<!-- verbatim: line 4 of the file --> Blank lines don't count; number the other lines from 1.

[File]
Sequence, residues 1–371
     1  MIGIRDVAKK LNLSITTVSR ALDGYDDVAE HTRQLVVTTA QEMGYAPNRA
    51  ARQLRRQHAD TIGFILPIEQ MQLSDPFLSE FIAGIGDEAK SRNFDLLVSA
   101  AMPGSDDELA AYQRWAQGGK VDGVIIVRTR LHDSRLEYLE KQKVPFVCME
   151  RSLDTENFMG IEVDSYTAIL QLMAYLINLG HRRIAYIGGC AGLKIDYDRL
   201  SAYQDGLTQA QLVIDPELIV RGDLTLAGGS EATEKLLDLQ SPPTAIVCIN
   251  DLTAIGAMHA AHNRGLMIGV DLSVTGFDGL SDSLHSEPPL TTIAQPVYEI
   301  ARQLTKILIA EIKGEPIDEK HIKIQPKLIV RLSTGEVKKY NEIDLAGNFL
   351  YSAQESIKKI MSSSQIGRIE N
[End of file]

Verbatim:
   101  AMPGSDDELA AYQRWAQGGK VDGVIIVRTR LHDSRLEYLE KQKVPFVCME